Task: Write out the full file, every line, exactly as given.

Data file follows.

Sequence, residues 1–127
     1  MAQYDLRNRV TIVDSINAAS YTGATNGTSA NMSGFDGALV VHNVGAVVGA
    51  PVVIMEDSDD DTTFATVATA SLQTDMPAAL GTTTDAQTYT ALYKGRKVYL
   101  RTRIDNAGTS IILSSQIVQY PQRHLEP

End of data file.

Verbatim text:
Sequence, residues 1–127
     1  MAQYDLRNRV TIVDSINAAS YTGATNGTSA NMSGFDGALV VHNVGAVVGA
    51  PVVIMEDSDD DTTFATVATA SLQTDMPAAL GTTTDAQTYT ALYKGRKVYL
   101  RTRIDNAGTS IILSSQIVQY PQRHLEP